The evaporation angle has a vital role to play as it can finely adjust the LSPR wavelength of AgFONs [38]. The optical response of AgFONs is dependent on Ag nanos- tructures and Ag film on NSs for small θ. The larger the deposition angle becomes, the smaller the intersphere gaps become due to the shadowing effect. There is a criticalθcwith no nano triangles (around 55°) [51]. As we target SERS due to AgFONs and not the triangular Ag nanostructures, we have carried out our experiments and simulations at smaller θ to study fine tuning. The simulation results of the maximum Raman EF as a function of polarization angle for deposition angleθ of 0°, 5°, 10°, and 15° are shown in figure4. In the Raman EF calculations, we employ the well-accepted approximation of EF=Eloc4 E


/ where Elocand E0are the local and the incident field magnitudes, respectively. It is found that the Raman EF is maximized for θ=5° for all incidence polarizations.

Figure 2.SEM images of(a) as-deposited hcp PS NSs with 350 nm size in top view,(b) 20 min 110 °C annealed PS NSs in side-view, (c) 5° tilt Ag deposited annealed PS NSs showing the shadowing effect.


When θ>5°, the EF has a considerable drop. The connection between EF andθ can be explained by the var- iation in the shape and coverage of Agfilm, which takes place during oblique angle deposition. Dark field scattering spectroscopy measurements also display great agreement with FEM results, which can be seen in supplementary information figure S5.

3. Results and discussion 3.1. EF calculation

A unique definition of the EF is impossible due to experiment dependent situations such as single molecules, multiple molecules, experimental limitations, spatial distribution, orientations of the probe on the surface, etc. In fact, EF can strongly depend on the exact SERS conditions: substrate, analyte, excitation wavelength, etc[54]. Kamaliya et al pre- dicted SERS EF from the hybrid gold-nanocone/graphene/

gold-nanohole tri-layers system via FDTD simulations. As nanocones are randomly spaced over the surface, three pos- sible geometrical configurations are considered for the FDTD simulations: nanocone is-(i) far from the nanohole, (ii) at the center of the nanohole, and(iii) at the edge of the nanohole.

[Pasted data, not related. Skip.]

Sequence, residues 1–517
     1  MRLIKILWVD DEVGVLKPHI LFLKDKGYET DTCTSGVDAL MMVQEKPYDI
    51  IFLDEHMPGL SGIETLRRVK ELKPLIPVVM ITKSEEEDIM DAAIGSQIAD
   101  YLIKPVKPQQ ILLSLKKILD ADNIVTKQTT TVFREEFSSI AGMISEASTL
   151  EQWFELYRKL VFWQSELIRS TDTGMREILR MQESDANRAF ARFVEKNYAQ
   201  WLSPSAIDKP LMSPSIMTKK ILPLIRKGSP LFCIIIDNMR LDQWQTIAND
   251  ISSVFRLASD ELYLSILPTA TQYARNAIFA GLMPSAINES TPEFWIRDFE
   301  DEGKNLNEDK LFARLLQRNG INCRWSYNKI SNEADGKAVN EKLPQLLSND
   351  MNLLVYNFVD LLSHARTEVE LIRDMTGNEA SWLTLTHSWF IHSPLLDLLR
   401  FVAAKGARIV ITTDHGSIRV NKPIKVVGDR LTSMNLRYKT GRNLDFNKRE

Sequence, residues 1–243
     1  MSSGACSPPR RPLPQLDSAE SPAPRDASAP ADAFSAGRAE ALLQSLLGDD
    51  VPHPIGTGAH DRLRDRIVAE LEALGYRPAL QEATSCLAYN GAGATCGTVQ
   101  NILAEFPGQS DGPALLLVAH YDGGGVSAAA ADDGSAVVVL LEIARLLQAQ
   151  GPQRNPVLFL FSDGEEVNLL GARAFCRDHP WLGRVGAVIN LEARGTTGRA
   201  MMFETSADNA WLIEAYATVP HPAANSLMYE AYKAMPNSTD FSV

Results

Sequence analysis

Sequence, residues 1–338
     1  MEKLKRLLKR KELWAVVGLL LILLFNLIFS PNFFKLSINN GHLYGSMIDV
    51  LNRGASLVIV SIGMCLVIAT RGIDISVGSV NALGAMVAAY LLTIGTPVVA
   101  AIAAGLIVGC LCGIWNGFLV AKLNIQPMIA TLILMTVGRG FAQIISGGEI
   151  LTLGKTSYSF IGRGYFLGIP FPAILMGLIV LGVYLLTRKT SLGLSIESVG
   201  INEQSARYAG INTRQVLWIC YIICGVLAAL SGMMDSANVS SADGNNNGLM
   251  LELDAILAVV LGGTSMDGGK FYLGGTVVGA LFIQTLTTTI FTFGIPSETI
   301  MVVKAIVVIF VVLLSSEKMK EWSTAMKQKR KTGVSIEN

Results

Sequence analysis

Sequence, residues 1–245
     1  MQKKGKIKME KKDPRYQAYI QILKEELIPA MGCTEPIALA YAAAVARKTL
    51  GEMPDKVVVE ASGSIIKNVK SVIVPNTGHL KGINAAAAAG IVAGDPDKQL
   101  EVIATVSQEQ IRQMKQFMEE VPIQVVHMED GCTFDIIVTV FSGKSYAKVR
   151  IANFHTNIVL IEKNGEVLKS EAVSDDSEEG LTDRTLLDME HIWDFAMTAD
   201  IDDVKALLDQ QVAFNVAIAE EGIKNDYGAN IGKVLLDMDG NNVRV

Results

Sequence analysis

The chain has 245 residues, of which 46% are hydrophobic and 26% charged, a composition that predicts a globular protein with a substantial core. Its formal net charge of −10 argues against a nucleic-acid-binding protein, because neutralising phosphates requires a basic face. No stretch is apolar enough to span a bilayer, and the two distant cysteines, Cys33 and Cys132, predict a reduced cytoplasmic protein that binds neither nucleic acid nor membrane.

For the configuration where the nanocone is at the edge of the nanohole, the maximum EF of 1.05×109 for yz-plane is achieved with 600 nm wavelength excitation [55]. Electro- magnetic SERS EFs at hot spots are predicted to be on the

order of ∼1010–1011, for example, at a junction between metallic particles [54]. Because the single-molecule EF is the SERS enhancement on a given particular molecule at a specific point, it requires the exact definition of the SERS substrate geometry and the exact position and orientation of the probe on it [54]. Etchegoin et al performed single-molecule SERS detection of a nonresonant molecule, adenine, using an iso- topically substituted adenine (N-adenine) as bianalyte SERS partners. They obtained maximum single-molecule EFs in the range of 7×1010–1×1011 for adenine and N-adenine, respectively[56]. However, the average SERS EF is calculated by averaging the signals expected for molecules randomly adsorbed over all possible positions on the metallic surface.

Average SERS EFs are ∼101–103 for non-optimized condi- tions, ∼105–106 for ‘standard’ substrates, and ∼107–108 for very good SERS substrates. Because the maximum single- molecule EF only applies to one or a few localized regions of the surface, the average EFs are typically several orders of magnitude smaller. In addition, the average SERS EF is larger for more pointy structures, which increases with an increasing aspect ratio[57].

In normal Raman spectroscopy(NRS) inside liquid samples, the three-dimensional Raman probe volume can be determined by considering a prolate spheroid focal volume, which in our case have dimensions of rx=8.5 μm, ry=8.5 μm and rz(depth

Figure 3.Sketch of the oblique deposition angleθ and the corresponding SERS structures.

Figure 4.(a) Raman EF calculated using FEM simulations of AgFONs deposited at variousθ as a function of incident polarization angle.(b) Raman EFs belonging to 20 and 10 nm Ag coatings at 0°

and 5° of incidence.


of focus)=17 μm, yielding Vprobe=(4π/3)×8.5 μm

× 8.5 μm × 17 μm=5144.88 μm3=5.14×10−12l of probe volume. For our 10−4M solution, the total number of molecules (NNRS=CNRS X Vprobe) in the measurement volume can be found as NNRS=10−4 mol l−1×6.02×1023 molecules/mol×5.14×10−12 l=3.09×108 molecules.